North Texas Daily

The Dose: Disney’s ‘Born in China’ explores different animal lives

The Dose: Disney’s ‘Born in China’ explores different animal lives

The Dose: Disney’s ‘Born in China’ explores different animal lives
May 01
14:41 2017

Robert Warren | Staff Writer

The latest Disney documentary, “Born in China,” opened in theaters on Friday, April 21. It explores the lives of three animal families through different seasons, and is using the funds from its opening weekend to benefit the World Wildlife Fund and help protect wild pandas and snow leopards.

Disney takes a humanistic approach to address the animals where viewers connect to the elements of the animal that are familiar. By transitioning through the three families, we see the emotional connections each of the animals has to its own family.

Looking into the panda family, viewers see a baby panda named Mei Mei that wants to get out into the world and explore. The mother is protective of her panda and pulls her back, quite literally, from the tree Mei Mei tries to climb until she is fully ready to move on her own. Mei Mei keeps trying to get out into the world and see life beyond her little area. It isn’t until a panda can fully climb a tree that it is ready to be out on its own.

Baby Mei Mei is quite the catch, rolling as she tries to simply explore and sticking out her tongue so viewers have that “aw” sort of moment. Viewers also learn interesting facts about the animals, such as how a panda eats 40 pounds of bamboo a day.

In this film, we see how monkeys cause trouble when they don’t get the attention they want. One of the younger monkeys, Tao Tao, wants the attention of his parents, but they are focused on their newborn baby monkey. Jealous that he is not getting the attention his baby sister receives, Tao Tao decides to seek that attention elsewhere by breaking branches with a group of monkeys called the lost boys.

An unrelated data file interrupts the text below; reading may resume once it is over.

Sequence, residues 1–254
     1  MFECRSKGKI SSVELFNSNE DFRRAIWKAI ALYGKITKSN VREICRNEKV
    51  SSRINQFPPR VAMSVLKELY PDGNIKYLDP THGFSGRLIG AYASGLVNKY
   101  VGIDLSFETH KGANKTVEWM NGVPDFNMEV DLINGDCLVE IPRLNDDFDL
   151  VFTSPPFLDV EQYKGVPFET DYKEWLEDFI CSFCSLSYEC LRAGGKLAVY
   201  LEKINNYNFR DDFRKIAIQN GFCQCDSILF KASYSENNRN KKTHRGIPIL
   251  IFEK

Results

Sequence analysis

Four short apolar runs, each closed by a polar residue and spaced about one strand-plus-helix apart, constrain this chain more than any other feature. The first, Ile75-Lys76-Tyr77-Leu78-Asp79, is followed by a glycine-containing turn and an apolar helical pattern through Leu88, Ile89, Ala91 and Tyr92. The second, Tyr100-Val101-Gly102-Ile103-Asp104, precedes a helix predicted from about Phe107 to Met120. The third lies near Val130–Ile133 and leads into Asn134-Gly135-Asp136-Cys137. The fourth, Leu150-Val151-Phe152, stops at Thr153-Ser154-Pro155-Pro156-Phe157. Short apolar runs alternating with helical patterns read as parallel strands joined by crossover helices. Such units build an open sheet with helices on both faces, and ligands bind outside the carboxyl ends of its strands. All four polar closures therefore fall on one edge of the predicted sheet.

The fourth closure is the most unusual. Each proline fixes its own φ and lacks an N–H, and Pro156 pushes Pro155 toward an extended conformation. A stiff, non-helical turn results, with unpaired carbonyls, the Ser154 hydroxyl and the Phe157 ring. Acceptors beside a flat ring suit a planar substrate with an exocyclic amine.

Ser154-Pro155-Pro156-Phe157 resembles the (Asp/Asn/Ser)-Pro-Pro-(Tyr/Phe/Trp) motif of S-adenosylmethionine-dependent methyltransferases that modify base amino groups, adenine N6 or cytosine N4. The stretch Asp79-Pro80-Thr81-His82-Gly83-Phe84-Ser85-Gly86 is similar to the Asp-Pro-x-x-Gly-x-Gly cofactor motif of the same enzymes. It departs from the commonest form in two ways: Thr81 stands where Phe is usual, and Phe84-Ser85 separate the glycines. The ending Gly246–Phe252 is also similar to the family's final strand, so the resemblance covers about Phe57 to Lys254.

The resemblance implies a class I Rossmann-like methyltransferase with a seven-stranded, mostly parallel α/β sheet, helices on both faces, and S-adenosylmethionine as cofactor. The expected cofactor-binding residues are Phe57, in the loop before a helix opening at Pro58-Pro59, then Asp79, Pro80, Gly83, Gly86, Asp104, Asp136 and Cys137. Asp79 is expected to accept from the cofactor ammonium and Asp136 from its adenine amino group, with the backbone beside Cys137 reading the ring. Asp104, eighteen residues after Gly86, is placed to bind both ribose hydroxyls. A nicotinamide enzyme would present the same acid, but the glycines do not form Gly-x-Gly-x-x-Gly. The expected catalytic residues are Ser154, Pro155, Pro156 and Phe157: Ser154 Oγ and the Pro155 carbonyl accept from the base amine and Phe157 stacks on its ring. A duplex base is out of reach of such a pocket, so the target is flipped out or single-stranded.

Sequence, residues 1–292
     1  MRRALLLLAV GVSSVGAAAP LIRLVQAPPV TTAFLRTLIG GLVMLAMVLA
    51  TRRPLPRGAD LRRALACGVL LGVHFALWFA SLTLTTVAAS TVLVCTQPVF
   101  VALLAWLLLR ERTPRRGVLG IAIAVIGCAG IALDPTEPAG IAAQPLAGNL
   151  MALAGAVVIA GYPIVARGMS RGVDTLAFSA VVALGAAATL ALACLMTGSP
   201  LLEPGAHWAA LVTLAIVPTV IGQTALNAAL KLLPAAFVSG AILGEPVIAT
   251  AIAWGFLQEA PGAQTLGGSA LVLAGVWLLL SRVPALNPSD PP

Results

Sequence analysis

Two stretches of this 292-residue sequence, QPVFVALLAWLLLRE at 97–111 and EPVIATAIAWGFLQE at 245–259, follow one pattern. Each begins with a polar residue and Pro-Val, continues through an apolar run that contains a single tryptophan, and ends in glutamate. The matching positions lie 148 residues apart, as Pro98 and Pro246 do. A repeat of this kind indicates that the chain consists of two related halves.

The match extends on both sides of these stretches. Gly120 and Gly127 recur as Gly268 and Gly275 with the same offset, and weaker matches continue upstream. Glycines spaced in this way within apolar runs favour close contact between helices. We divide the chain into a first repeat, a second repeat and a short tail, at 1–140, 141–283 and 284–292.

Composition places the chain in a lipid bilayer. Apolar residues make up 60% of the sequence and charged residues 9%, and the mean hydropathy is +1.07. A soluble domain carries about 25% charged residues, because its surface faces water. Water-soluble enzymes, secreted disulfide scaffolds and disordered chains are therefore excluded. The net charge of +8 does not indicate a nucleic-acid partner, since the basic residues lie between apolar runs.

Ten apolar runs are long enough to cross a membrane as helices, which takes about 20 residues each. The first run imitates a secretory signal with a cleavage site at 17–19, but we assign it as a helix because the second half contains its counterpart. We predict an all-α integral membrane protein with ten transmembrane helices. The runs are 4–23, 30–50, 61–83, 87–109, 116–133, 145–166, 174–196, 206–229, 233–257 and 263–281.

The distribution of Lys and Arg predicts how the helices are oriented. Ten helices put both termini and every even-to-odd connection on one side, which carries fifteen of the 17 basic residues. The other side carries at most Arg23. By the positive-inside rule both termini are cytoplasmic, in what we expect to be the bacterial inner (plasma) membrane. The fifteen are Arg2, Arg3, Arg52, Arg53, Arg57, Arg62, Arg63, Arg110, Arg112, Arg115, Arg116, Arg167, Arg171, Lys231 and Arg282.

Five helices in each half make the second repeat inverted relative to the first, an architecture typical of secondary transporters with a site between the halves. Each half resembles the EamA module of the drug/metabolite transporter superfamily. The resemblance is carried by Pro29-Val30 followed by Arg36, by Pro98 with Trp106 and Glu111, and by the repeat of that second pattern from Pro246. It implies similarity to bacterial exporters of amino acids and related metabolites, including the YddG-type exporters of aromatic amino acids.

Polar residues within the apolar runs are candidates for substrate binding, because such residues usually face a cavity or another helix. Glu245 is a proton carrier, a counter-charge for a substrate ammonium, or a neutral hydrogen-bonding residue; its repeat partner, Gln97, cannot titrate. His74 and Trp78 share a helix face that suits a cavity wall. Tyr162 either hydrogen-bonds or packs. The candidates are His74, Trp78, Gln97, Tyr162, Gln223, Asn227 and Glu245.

Then there is the snow leopard family in the top mountains in the Tibetan Plateau, the largest plateau on Earth. Mother Dawa goes to the top of the mountain plateaus to stay with her family. This is her home. Other snow leopards want to take her home away from her family, and Dawa must try and keep it. This is the struggle of the snow leopard.

In order to feed their families, snow leopards have to fight other animals and kill them. In order to feed her kids, Dawa has to do this, and while this may be a success for her if she wins, the other animal has to deal with a lost son, daughter or family member. This is one of the humanistic situations that the movie explores.

The documentary also discusses other animals while telling the three main stories, such as the chiru, or a Tibetan antelope. Female chirus leave the males for months after mating and take off, then they return with baby chiru and can’t remember who their male mate was. They have to sniff around and so the males begin trying to impress the females as they did when they first met. After this, baby chirus learn to walk in thirty minutes.

Transiting through the seasons, this movie shows the struggles the animals fact while battling nature, including their emotions and the connections they make.

In a cute and adorable movie that taps into your emotions with baby animals, it really encapsulates how relatable animals are emotionally to humans. “Born in China” mentions that in Chinese legend, the crane carries the soul of the departed to heaven. That is what this movie does. This movie allows you to depart from your crazy life and be carried away to another life, be it the life of pandas, snow leopards or golden snub-nosed monkeys.

Featured Image: Pandas are only one of many species explored in Disney’s “Born in China” documentary. Ben Wallis.

About Author

Preston Mitchell

Preston Mitchell

Preston served as the Opinion Editor of the North Texas Daily from July 2016 to July 2017, and is a UNT graduate of integrative studies.

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